Television's distorted ratings status quo must go, and the 2009 federally mandated digital conversion will surely hasten the process.
Meantime, the controversy could boil over into an economic crisis for advertisers wrestling with how much marketing dollars to split between TV -- where they think they still reach the so-called masses -- and more precisely measured online and other digital media -- where there is some individual accountability.
Clearly, the producers and financiers of content, as well as TV distribution gatekeepers, would benefit economically from a more accurate and personal measurement of the consumers reached on all devices and platforms.
So the last thing we need at the start of another hyped TV season is flip resignation from a high-level media executive that television's reproachable ratings system is what it is -- live with it. That's the impression NBC Universal chief executive officer Jeff Zucker gave, appearing on CNBC's Squawk Box Wednesday, to discuss the $60 billion lost in annual revenues due to content piracy.
When asked about the viability of the TV ratings systems, Zucker replied: "They are what we live by and what we all have to judge ourselves by; whether they are accurate or not, whether there are issues or not. We all have to play by the same rules, and we cannot get caught up in saying that's not the rules we should play by."
That kind of stubborn acceptance has Nielsen Media Research thinking it's enough to multiply its metered sampling of selected families and move that process out of homes and to the beach. That kind of passive resistance will keep the ratings sham as a lynchpin of television economics, even as more meaningful metrics and measurement options develop across all media spaces.
In fairness, it is not a problem NBC or Nielsen can resolve alone overnight. It will take a village, and it will take time. But without pragmatic moves in the right direction, inactivity can be misconstrued as ignorance. The absence of viable metrics is the reason advertisers have not moved more of their spending online, as reinforced by a new McKinsey & Co. report and related survey of marketing executives. Is it possible the issues of measurability and accountability could turn on the broadcast and cable networks in one season? They don't want to find out.
The unwieldy distribution, demand, recording and download of television content already makes an accurate aggregated measurement a challenge. But the availability of digital technology makes it possible to try. The Media Ratings Council, charged with auditing audience measurement services, lists on its Web site more than two dozen companies, besides Nielsen, that track and report on all media platforms.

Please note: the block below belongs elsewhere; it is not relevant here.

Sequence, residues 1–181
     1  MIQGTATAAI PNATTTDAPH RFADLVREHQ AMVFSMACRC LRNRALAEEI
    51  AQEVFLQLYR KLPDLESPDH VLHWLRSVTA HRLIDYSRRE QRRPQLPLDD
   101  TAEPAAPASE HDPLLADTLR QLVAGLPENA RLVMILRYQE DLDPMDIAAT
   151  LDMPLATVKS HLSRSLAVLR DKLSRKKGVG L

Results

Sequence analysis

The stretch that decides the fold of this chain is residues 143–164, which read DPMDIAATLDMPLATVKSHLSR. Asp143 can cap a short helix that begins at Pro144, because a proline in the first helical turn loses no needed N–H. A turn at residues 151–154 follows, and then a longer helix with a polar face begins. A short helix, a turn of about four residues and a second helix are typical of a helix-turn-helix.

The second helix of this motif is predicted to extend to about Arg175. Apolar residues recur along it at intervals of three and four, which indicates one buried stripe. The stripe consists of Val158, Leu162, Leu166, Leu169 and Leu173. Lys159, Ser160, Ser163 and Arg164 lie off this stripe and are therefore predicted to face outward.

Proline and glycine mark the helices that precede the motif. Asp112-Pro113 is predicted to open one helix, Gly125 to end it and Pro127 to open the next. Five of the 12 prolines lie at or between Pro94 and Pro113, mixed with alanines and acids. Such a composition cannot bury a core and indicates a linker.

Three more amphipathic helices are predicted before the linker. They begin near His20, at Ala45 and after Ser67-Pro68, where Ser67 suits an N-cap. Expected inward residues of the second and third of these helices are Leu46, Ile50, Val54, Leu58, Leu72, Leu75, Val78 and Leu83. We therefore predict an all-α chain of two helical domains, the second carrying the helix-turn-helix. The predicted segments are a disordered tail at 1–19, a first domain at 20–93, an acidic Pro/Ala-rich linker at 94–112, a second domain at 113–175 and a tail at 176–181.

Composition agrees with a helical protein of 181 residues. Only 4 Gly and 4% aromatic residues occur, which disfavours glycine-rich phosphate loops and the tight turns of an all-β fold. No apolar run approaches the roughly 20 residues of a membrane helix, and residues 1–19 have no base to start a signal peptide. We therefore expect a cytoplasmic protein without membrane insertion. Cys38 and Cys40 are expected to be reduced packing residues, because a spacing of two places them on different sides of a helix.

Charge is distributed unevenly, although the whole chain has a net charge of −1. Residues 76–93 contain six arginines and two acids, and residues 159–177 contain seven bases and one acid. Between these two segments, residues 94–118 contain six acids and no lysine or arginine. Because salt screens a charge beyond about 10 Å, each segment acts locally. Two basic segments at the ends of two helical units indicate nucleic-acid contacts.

And what about all those page views, podcasts, blogs and social-networking sites where content and advertising appear? The Interactive Advertising Bureau's quest to standardize and sort through the confusion over advanced online audience methodologies is well documented. But even as they are being developed and perfected, more precise metrics are a long way from Nielsen's Live and Live + 3 ratings, which are based on selective sampling, surveys and electronic metering that yield estimated viewing of programs and commercials.
The present challenge is measuring and reconciling the statistical reach of consumers for all TV programs wherever and whenever they are viewed, be it TV, mobile or DVR. The aggregate measurement for programs has to be credible.
But in a new era of personalized, consumer-centric media, why would any company be allowed to think that sampled metering is an acceptable substitute, even as television and other incumbent industries convert to digital measurement and distribution?
It may have something to do with the inextricable broadcast networks and television stations' legacy systems of reporting, using and pricing against those inexact metrics.
Again this fall, industry analysts are hanging on preliminary ratings for the new prime time schedules, calling the fate of broadcast programs and networks, whose collective audience levels declined 10% across all demos the first week. This "inauspicious start to the season," according to Lehman Brothers analyst Anthony DiClemente, represents the greatest ratings slide since the start of the 2004-05 season. The most ad-coveted demo (18-49) is significantly down 15% at both CBS and ABC, 14% at Fox and 8% at NBC.
The bad news is going to get worse as viewers consume more of the broadcast network content in time-shifted, Internet-streaming, direct downloaded ways outside the traditionally measured Nielsen universe, where a single rating now represents 1.3 million TV homes.
"We expect to see fluctuations in the ratings greater than in previous seasons," DiClemente said. "Networks are still developing monetization models for these alternative distribution channels. Significant fluctuations in ratings may translate into some short-term revenues shortfalls, he says, as make-good advertising eats into the total number of ratings points available for sale. While analysts caution making too much of early returns, that general trend most likely will continue, and the corresponding revenue losses will show up on the balance sheets of the broadcast networks and their corporate parents. CBS Corp. could be the most severely impacted, as 34% of its overall earnings is tied to TV advertising and 72% of its overall revenues is from U.S. advertising.
If the networks are serious about generating at least one dollar of new media revenue to replace every dollar of conventional advertising lost, they had best throw their money and energy behind measurement systems that certify reach on all platforms. And they can't do that with their head in the sand.